ETag is a standard used for determining whether the client (web browser) already has the latest version. If it has, it’s simply loaded from local cache. If not, the new version is requested.
An ETag is a hash generated based on either the inode number, the last modified time and / or the size (in bytes) of a file. The default behaviour in Apache webserver is to use all properties to generate the ETag.
What’s the problem with ETags?
Although etags do no harm in a single server set-up, it is harmful when you have multiple servers replication the served files. The problem is that the generated ETags most likely differ per server. So when the client re-requests an un-updated file on a different server than the last time the ETags do not much and a new version is requested, while this would not be necessary. This hurts performance (page load). You can find more information about this in the ‘Configure ETags‘ article on the Yahoo Developer Network.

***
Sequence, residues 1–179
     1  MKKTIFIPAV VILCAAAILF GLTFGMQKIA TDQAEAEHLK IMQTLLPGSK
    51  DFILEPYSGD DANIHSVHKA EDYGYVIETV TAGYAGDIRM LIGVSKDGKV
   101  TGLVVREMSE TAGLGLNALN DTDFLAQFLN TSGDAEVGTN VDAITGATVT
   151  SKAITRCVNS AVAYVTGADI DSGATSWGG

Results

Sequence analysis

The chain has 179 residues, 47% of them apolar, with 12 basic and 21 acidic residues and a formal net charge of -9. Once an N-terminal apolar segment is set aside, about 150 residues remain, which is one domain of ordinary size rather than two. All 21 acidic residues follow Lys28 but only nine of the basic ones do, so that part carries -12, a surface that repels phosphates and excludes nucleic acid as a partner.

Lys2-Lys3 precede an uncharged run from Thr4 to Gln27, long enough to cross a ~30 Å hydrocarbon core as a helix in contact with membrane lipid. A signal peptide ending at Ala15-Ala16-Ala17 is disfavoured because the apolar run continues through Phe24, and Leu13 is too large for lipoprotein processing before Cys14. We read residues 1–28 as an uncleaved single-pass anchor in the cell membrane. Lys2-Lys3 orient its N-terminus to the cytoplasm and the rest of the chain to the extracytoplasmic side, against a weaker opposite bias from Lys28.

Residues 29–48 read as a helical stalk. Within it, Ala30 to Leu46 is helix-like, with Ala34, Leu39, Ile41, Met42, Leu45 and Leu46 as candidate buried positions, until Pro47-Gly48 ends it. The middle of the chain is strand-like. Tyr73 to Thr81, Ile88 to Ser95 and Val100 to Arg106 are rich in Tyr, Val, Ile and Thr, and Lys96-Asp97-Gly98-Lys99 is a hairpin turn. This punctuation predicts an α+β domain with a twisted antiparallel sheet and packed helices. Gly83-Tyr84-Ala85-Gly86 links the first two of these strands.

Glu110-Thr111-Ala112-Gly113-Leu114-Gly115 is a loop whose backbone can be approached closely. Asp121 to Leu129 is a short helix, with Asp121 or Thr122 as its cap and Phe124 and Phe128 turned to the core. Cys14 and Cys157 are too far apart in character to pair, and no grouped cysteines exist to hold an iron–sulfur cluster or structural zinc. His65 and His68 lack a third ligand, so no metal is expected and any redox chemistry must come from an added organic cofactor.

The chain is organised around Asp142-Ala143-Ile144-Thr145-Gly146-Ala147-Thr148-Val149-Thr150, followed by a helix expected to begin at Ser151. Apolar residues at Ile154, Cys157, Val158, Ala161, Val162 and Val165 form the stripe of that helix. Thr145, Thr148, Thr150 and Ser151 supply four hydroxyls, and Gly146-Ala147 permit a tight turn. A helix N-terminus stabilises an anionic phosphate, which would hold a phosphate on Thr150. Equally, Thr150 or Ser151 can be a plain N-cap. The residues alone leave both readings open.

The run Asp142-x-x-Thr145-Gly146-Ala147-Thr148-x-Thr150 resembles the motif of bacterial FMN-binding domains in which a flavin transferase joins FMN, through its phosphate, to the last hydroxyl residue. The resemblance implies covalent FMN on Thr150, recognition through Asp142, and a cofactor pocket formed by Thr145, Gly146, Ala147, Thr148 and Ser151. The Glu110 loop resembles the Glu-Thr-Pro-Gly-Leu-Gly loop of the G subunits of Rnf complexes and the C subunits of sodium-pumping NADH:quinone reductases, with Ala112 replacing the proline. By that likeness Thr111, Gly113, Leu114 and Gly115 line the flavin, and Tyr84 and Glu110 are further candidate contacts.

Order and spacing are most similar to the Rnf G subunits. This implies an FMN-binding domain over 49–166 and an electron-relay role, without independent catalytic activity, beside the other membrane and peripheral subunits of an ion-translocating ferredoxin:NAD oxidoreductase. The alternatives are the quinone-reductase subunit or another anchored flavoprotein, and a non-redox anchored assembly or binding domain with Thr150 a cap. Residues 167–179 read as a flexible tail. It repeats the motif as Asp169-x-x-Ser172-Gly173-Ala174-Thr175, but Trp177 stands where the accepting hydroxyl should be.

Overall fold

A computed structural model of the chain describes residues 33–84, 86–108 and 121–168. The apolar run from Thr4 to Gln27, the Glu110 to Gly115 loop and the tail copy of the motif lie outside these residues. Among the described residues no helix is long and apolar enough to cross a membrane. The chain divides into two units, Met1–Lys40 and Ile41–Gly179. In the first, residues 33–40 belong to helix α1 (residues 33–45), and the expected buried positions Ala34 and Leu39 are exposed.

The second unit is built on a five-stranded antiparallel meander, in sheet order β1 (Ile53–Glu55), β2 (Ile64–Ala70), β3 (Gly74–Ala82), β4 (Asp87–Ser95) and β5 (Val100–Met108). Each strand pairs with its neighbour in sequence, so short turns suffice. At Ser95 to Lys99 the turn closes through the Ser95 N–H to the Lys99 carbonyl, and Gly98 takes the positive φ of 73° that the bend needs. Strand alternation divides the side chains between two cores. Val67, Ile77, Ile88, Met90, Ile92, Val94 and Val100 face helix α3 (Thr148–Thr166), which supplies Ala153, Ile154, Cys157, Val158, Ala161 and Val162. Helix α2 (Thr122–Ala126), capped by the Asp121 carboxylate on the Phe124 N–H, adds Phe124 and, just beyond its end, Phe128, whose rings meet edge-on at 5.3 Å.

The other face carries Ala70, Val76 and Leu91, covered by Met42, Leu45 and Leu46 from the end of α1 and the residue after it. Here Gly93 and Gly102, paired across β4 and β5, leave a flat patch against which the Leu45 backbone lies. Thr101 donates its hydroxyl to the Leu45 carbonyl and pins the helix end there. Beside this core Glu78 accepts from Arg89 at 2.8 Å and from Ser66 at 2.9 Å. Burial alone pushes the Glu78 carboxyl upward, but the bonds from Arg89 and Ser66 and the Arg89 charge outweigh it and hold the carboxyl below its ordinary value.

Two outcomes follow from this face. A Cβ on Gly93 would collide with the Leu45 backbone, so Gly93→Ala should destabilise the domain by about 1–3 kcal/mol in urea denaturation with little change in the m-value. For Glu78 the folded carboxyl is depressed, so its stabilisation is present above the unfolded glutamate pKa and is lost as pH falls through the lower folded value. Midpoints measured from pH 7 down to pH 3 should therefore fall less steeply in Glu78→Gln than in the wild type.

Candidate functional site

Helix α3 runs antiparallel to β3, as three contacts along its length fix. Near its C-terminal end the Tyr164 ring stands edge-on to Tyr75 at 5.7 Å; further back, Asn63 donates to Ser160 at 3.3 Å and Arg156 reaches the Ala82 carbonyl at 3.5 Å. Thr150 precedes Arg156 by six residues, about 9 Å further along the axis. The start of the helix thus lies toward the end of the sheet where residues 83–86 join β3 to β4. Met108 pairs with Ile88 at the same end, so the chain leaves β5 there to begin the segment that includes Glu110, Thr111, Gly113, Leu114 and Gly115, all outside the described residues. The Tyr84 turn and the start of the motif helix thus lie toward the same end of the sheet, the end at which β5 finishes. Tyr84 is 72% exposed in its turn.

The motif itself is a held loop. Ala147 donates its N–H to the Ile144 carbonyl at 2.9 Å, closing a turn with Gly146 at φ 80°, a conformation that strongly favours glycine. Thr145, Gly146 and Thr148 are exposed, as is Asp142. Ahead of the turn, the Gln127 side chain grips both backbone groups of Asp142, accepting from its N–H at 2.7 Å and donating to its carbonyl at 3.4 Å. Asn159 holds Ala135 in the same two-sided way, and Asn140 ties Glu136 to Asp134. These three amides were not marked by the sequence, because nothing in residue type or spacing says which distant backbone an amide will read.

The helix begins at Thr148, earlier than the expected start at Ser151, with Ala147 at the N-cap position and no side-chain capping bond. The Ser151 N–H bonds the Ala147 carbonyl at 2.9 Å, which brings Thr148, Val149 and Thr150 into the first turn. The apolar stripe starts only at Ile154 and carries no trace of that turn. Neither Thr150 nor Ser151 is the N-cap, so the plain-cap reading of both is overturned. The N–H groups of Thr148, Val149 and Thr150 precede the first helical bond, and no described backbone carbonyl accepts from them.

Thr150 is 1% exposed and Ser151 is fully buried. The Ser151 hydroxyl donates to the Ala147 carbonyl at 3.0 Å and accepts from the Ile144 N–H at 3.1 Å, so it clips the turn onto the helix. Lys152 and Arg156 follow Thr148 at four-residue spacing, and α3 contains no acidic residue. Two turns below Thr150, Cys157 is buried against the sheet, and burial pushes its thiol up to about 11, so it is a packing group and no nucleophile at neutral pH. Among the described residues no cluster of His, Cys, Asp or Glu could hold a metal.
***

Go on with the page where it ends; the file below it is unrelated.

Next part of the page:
How To Disable ETags in httpd.conf
To disable the use of ETags in the Apache webserver simply put the following FileETag directive in your httpd.conf: